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By John P. Stierman on 10-18-17
Essential History--Not Engaging
This tome has enjoyed critical acclaim from leading scholars. It is chock full of information, and I am happy that I read it. Having said that, I did not find the book engaging. And the reader needs to learn more about American history. I cringed when I heard her pronounce, repeatedly, George Whitfield, Roger Taney, and Clement Vallandigham (especially the latter). Having said that, I did enjoy her voice, and think she was a good choice. The errors mentioned previously could have been easily corrected, which makes my wonder how one prepares for reading a book such as this.
By Roger on 07-23-17
Thorough, convincing and haunting
This book is meticulously researched, and the themes are presented convincingly.
Sinha has several themes: Her first is that the white abolition movement was inspired by black activity. Sinha does a very good job detailing anti-slavery activities by blacks—from self-emancipation (running away) and uprisings, to periodicals, newspapers and lecture tours. Sinha deservedly gives blacks due credit for their many roles in the abolition movement, in ways that made the evils of slavery harder and harder to ignore. Certainly white abolition was inspired by the plight of the slaves, and certainly slave uprisings motivated whites, but it’s hard to believe that white support for abolition wasn’t also important to slaves. A more nuanced approach might be to argue that black and white abolition fed off each other, in a mutually supportive way.
Sinha’s second theme is how free blacks suffered from the same racial theories that were used to justify slavery. In effect, the free states invented Jim Crow decades before the Civil War. This leads to Sinha’s third theme—that abolition had two goals: emancipation and equality. The Civil War and the Thirteenth Amendment achieved the first goal, but the second would be ignored for a century and is still not fully attained.
Sinha’s fourth theme builds on the two goals of emancipation and equality to demonstrate the joint efforts of abolition and women’s suffrage. While most suffragettes supported abolition and most famous abolitionists like Douglass and Garrison supported women’s suffrage, Sinha explains how what she calls the evangelical wing of abolition could not get comfortable with equality for women. This ultimately led to a break in the two movements and the eventual abandonment of the goal of racial equality by much of the women’s movement in the late 19th and early 20th centuries.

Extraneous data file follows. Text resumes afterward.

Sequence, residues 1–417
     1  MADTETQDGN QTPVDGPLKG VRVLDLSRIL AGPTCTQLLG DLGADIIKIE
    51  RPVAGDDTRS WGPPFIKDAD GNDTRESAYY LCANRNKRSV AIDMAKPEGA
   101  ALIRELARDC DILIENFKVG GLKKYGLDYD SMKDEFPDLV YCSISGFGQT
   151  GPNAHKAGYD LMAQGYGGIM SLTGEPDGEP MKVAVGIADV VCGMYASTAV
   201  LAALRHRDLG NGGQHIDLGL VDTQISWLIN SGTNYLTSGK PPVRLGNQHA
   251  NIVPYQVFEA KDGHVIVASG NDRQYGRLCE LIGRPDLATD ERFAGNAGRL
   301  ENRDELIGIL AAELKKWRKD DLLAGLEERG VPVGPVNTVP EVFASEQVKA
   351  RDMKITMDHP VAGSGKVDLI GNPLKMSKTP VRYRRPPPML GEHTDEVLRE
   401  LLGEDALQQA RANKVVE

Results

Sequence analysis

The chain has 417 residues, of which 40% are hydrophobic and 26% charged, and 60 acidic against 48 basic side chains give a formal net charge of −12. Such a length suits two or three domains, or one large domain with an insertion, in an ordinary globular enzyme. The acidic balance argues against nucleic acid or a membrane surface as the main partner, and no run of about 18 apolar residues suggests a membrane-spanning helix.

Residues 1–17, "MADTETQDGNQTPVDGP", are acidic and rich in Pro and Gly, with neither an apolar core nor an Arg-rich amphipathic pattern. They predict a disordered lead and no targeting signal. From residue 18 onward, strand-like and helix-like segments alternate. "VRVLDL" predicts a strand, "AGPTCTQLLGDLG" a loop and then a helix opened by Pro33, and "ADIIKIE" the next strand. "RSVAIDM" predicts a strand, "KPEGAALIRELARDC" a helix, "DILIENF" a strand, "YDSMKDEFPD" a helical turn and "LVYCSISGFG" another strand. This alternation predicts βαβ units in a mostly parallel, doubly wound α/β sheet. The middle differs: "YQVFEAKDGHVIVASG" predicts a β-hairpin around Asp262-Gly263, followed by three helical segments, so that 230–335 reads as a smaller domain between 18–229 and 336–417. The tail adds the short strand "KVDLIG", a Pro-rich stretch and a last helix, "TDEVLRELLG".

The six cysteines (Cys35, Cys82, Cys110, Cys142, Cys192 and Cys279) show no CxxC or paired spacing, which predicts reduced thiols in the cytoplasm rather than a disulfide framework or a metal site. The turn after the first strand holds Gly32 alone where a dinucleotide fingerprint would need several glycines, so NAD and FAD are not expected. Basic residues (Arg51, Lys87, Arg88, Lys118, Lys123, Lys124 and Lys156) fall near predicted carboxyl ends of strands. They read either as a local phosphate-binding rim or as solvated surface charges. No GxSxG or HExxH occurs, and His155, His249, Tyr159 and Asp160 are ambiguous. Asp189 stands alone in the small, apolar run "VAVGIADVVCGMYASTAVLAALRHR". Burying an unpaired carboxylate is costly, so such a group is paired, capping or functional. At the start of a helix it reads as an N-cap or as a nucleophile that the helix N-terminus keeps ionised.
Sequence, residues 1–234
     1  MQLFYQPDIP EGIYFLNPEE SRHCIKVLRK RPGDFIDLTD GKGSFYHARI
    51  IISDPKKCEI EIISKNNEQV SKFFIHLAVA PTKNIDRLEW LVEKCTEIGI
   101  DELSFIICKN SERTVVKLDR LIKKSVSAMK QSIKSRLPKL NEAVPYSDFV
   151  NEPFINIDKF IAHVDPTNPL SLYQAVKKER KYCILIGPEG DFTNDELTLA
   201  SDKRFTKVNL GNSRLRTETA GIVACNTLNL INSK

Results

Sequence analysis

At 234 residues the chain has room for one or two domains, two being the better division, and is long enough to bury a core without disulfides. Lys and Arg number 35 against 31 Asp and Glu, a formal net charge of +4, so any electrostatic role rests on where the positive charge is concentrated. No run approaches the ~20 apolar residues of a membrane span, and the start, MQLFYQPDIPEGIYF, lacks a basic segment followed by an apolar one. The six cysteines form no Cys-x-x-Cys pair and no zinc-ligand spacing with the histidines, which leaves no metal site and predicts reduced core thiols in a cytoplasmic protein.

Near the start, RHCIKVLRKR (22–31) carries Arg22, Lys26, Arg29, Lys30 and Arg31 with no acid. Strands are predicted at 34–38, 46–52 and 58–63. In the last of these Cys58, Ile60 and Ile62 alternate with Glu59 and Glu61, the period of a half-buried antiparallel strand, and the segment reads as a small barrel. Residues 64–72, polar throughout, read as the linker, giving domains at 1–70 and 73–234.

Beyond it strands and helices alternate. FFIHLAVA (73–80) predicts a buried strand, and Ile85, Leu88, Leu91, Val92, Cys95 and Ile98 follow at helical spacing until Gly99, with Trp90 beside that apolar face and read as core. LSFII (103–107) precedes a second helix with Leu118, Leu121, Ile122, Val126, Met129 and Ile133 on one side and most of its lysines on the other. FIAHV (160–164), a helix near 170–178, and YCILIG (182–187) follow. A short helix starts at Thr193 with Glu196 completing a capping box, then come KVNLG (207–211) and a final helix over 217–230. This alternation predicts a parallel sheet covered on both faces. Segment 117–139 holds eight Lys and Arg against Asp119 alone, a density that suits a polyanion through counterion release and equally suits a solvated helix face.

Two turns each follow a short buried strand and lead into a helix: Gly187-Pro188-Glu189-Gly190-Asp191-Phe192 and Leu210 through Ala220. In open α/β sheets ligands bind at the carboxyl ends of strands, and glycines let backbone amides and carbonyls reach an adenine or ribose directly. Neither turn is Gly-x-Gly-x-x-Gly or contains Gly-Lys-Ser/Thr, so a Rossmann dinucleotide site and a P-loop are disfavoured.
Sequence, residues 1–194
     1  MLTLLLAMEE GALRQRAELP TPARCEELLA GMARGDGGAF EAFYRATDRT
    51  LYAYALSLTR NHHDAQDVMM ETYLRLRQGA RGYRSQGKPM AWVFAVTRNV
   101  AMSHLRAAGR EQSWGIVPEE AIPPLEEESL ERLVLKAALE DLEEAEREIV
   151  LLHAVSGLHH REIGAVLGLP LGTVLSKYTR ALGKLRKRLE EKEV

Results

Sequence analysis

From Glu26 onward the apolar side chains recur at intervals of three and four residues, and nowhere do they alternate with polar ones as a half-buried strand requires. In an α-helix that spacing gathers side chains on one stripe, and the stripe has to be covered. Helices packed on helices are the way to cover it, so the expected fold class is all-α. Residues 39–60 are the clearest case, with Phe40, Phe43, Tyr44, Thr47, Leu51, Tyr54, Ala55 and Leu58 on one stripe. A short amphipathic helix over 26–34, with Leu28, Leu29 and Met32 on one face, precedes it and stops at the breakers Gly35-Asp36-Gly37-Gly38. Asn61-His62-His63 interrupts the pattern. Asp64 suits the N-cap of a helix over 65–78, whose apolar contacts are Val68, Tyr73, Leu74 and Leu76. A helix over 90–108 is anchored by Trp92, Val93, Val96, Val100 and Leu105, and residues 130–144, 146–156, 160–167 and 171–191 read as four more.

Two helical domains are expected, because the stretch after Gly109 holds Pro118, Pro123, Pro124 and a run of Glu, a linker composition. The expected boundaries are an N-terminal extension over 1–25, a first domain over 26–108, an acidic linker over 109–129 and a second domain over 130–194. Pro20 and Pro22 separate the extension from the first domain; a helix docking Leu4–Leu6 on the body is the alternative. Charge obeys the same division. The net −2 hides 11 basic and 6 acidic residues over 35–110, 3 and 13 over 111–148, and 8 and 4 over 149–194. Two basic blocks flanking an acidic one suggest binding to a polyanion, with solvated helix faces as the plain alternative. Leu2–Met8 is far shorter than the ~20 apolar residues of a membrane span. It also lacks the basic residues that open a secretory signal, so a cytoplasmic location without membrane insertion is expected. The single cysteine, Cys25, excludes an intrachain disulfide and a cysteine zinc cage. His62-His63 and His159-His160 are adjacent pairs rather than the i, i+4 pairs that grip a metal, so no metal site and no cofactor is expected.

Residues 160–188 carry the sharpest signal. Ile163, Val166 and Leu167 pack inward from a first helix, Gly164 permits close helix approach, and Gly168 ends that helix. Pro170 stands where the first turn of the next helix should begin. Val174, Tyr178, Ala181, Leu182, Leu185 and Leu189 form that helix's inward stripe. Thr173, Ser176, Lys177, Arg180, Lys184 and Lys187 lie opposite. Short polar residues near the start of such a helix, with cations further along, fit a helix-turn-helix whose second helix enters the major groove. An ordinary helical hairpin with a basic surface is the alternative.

Sinha’s fifth theme explains how the abolition movement tried to make common cause with the white working class, with minimal success. Sinha also recounts how many people blamed capitalism for the rise of slavery. But America was part of the British mercantile system when slavery first took hold, so perhaps greed and selfishness, rather than simply capitalism, make a better explanation.
This is a very moving book. Much has been made of the irony of the “land of liberty” being founded on the backs of slavery. Even Samuel Johnson commented on it at the time of the Revolution. This leads to the question how such moral blindness could exist. Edmund Morgan has explained how Virginia used the idea of black inferiority to shake off many of the class-based distinctions among whites that were the inheritance of the Old World. Gordon Wood has explained how slavery was must one of many societal differences accepted in colonial America, but the only one to survive the Revolution. If race was therefore the critical factor, and white Americans also treated Native Americans with the same disdain as they treated blacks, then I wish Sinha had explored the question of whether the abolition movement also tried to make common cause with Native Americans.
This book did so much that I wanted more, which is a sign of a very good book.
Clearly, America made a devil’s bargain to accept slavery to achieve independence from Britain and then to establish the Union. Quite possibly, there was no way to abolish slavery at the time of the Revolution, and perhaps the Union was not strong enough to survive the upheaval of abolition until the 1860s. Sinha, however, has done a marvelous job detailing many of the horrific costs of that bargain. It is a fruitful area for further exploration.